To disappear became a transitive verb in Latin America. Military dictatorships "disappeared" their opponents. That is to say, they kidnapped, tortured, murdered and disposed of them, leaving only an inconsolable absence in the place of a human being.
I spent some time in Argentina in the aftermath of the 1976-83 dictatorship. Enough to become familiar with countless picture frames holding images of impossibly lovely young women, taken from their homes for "brief questioning," never to be seen again. Enough to know the unquenchable parental tears these disappearances provoked.
It was not too early then, in rooms filled with the animal sobbing of the bereaved, to feel rage at the junta's crimes. But it was too early to know the full extent of them: the 30,000 disappeared, the torture at the Navy School of Mechanics in Buenos Aires, the corpse-dumping flights out to sea.
Argentines still hoped back in the 1980s. They hoped, whatever their heads told them, that the longing in their hearts might return their loved ones intact. No doubt, many still hope.
With disappearance, closure is impossible, for there is no evidence of an ending. In this infinite prolongation of suffering lay the particular contribution of the generals to the infliction of pain.
There was something else we did not know back then. Henry Kissinger, then secretary of state, told Admiral CÃƒ©sar Augusto Guzzetti, the Argentine foreign minister, in June 1976: "If there are things that have to be done, you should do them quickly. But you should get back quickly to normal procedures."
Later, Kissinger assured the admiral that the administration "won't cause you unnecessary difficulties." He also grew angry when he learned that the U.S. ambassador in Buenos Aires, Robert Hill, has given the junta a warning about violations of human rights. "In what way is it compatible with my policy?" Kissinger asked, before suggesting that Hill might have to go.
These exchanges, records of which were obtained in recent years under the federal Freedom of Information Act by the nonprofit National Security Archive, suggest how the surrogate battles of the Cold War, as fought in the American hemisphere, drew the United States into forms of complicity that remain a shadow on its conscience.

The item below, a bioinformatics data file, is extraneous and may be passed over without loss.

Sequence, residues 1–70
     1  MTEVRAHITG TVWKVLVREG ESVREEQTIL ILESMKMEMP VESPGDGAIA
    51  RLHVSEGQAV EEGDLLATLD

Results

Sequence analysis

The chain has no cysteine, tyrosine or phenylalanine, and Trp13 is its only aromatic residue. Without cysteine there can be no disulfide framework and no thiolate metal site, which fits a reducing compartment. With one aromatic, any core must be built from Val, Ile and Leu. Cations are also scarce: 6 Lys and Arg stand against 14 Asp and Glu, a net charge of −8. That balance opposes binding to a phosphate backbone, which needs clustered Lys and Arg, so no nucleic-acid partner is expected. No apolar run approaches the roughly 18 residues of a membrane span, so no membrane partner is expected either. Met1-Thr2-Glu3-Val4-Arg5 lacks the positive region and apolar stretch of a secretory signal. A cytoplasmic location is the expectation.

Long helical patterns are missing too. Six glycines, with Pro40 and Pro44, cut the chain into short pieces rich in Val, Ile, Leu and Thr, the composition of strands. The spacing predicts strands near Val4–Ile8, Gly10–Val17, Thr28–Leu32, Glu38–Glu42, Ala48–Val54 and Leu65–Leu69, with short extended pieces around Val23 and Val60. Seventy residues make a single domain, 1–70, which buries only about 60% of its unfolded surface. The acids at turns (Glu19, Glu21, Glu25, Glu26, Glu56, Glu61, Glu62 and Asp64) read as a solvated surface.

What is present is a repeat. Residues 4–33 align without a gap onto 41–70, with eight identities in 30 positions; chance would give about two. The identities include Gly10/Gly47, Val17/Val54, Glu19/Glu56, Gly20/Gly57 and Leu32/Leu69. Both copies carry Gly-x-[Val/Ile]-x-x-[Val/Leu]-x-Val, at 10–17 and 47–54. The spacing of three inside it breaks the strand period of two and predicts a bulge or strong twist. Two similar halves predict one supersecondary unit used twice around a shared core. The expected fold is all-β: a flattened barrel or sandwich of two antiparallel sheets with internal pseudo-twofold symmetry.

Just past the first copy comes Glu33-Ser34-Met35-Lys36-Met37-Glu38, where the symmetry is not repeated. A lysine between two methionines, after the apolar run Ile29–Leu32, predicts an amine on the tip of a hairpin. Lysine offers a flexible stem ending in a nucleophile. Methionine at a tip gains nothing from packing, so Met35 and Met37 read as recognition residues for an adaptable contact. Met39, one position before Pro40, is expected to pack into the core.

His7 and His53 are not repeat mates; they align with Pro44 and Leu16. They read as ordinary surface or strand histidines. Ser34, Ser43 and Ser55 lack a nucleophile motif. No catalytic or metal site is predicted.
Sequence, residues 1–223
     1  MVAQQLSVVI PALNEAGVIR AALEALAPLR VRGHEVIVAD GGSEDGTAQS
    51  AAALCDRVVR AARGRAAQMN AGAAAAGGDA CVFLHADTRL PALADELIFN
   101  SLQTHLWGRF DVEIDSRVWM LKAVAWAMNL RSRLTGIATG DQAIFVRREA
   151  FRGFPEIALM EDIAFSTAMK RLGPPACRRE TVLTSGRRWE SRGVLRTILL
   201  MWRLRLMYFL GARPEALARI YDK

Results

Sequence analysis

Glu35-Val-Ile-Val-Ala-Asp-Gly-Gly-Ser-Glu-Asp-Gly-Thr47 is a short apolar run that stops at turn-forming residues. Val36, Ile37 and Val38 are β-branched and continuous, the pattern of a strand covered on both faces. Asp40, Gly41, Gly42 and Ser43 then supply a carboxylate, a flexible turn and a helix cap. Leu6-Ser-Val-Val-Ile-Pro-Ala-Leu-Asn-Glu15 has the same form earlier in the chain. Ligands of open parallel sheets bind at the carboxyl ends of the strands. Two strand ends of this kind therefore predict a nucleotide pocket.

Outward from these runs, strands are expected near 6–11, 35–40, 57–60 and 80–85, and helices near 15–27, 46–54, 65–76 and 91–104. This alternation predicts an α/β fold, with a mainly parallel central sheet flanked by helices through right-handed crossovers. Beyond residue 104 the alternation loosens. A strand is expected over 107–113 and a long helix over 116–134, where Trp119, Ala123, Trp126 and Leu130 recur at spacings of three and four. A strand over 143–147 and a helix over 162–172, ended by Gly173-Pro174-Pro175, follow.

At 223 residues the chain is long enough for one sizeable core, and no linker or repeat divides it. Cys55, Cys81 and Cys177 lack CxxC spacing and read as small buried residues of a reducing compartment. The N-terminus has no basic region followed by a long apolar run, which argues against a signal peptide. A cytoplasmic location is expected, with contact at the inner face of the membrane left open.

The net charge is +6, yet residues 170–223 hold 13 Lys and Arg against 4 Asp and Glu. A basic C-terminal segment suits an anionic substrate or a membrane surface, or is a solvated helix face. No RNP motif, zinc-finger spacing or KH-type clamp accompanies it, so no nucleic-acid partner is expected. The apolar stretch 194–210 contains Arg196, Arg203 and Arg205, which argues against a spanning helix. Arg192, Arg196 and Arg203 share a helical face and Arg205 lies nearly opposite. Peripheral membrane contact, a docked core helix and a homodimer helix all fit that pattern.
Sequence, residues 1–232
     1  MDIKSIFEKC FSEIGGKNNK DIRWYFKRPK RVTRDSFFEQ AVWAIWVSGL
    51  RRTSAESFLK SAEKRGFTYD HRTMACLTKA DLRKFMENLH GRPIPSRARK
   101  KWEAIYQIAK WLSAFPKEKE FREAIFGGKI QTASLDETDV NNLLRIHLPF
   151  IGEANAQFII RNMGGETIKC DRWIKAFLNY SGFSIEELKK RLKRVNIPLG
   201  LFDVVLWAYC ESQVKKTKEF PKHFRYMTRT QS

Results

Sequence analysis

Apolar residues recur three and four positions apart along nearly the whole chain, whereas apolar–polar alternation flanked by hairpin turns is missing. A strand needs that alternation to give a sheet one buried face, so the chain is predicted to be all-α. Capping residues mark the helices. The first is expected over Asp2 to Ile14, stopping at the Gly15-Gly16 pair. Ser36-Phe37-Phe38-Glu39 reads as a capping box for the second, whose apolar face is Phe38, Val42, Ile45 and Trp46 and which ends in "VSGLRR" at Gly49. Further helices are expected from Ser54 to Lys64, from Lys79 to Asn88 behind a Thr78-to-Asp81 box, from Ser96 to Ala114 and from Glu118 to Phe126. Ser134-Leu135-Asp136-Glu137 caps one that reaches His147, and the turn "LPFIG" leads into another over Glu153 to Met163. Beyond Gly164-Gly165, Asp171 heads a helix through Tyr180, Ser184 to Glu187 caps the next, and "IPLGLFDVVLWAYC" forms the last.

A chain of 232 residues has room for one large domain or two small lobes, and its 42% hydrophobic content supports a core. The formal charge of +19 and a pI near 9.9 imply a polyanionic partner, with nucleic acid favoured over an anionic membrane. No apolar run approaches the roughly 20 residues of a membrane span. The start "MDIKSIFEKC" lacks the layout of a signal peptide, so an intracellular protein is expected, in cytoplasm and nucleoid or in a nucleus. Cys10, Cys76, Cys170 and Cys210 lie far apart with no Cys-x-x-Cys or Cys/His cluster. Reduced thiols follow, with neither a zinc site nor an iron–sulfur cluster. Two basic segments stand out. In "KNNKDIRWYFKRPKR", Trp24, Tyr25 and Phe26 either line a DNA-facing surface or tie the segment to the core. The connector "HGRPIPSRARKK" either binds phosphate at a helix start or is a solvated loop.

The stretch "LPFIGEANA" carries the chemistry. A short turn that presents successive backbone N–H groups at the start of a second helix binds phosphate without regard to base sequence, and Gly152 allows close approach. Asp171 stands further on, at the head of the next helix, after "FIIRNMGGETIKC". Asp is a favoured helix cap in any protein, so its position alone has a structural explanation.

More recently, the historian Robert Dallek unearthed transcripts in the National Archives that show Kissinger, bitter at negative newspaper coverage of the 1973 coup in Chile, complaining to President Richard Nixon that, "in the Eisenhower period, we would be heroes." The coup would lead to thousands of "disappearances."
I was thrust back into this Latin American vortex, which haunted me in the 1980s, by a powerful show called "The Disappeared" at New York's El Museo del Barrio. It features works about horrors, often followed by impunity, to which the United States turned a blind eye at best.
Ana Tiscornia's blurred portraits, palimpsests in which the subjects seem to hover between life and death, capture the slow fading of the disappeared, and their flickering hold on those from whom they were seized.
A corridor full of photographs of young couples feature women who were pregnant when "disappeared." The Argentine military would wait for the child to be born before murdering the mother. The babies went to childless military couples. Laconic captions say: "The couple and their child remain disappeared."
As Laurel Reuter and Julian Zugazagoitia write in their introduction to the show, organized by the North Dakota Museum of Art, the artists "ask us, as North Americans, to question what role our own country played in supporting the Latin American governments which killed their people as a matter of course."
The artists also ask us something else. This month six human rights groups listed 39 people they believe are secretly imprisoned in unknown locations by the United States as part of the war on terror.
President George W. Bush acknowledged last year that some individuals deemed particularly dangerous had been moved "to an environment where they can be held secretly." In effect, categorized as enemy combatants, they have been "disappeared."
This practice is unconscionable. It does not matter that the purpose of the disappearance is not murder, as it was in Argentina.
Once people disappear, every basic human right is at risk because every check, every balance, has gone with them. The worst becomes almost inevitable because there is nothing to stop it.
The United States demands accountability of others when its own people go missing. It must demand the same accountability of itself, whatever the fight. The lovely, longing and lost young faces of Latin America require at least that.
© 2007 The New York Times Company